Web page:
One of America's most beloved poets, Robert Frost, is unique in that he is one of the few, quote-unquote, "serious" poets of the twentieth century who was appreciated by both adults and children. In the nineteenth century, poets like Longfellow and Poe - writing in rhyming verse - were readily accessible and admired by the young. At the turn of the century however, with the rising popularity of free verse, rhyming couplets fell out of fashion. By the middle of the 1900s, about the only poets writing in rhyme were those who did so when specifically writing for children, like Dr. Seuss, and, LATER, Shel Silverstien.
But Robert Frost, in his simple New England farmer fashion, did not feel that serious poetry was debased by the occasional lyric rhyme.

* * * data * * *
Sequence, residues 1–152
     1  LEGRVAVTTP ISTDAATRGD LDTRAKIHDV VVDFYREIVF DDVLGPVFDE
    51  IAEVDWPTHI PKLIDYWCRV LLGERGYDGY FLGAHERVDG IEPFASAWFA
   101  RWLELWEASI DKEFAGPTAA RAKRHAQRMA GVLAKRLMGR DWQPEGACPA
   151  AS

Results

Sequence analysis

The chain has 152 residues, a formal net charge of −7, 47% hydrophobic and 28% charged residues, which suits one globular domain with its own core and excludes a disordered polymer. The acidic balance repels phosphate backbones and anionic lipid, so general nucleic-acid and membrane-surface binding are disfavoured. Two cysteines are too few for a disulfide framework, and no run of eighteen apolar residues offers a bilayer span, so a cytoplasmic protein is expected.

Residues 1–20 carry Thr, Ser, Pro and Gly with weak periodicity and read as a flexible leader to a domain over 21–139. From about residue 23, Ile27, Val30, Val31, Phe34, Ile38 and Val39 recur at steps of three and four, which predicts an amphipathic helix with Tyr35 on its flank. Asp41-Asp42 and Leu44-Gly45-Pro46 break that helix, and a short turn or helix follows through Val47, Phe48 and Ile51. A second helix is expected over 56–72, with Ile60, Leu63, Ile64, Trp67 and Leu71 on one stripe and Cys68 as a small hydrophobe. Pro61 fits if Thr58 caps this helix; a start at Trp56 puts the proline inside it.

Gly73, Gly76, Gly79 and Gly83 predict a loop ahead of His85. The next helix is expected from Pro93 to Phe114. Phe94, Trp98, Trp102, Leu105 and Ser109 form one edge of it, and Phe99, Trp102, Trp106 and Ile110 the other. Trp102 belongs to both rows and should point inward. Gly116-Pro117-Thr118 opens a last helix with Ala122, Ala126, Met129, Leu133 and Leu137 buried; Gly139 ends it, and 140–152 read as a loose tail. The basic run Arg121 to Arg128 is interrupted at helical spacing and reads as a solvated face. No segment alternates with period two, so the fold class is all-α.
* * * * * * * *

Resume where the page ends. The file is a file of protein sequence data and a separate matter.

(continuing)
The Woods are lovely dark and deep
The Wright Brothers Biplane
He has dust in his eyes and a fan for a wing,
There is something hopeful and comforting in Robert Frost, and a strength or resilience that shines through - like a wood fire on a cold winter night as one hopes for spring in frozen New England. It is a youthful voice and perhaps just one more reason children continue to appreciate his poems. In his own youth, the fire and promise were there as well. Frost's first poem, written at age fourteen ends with,
For darkness of that murky night
Copyright © 2001 by Kevin Shortsleeve
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Wednesday, 04-Sep-2002 22:23:53 EDT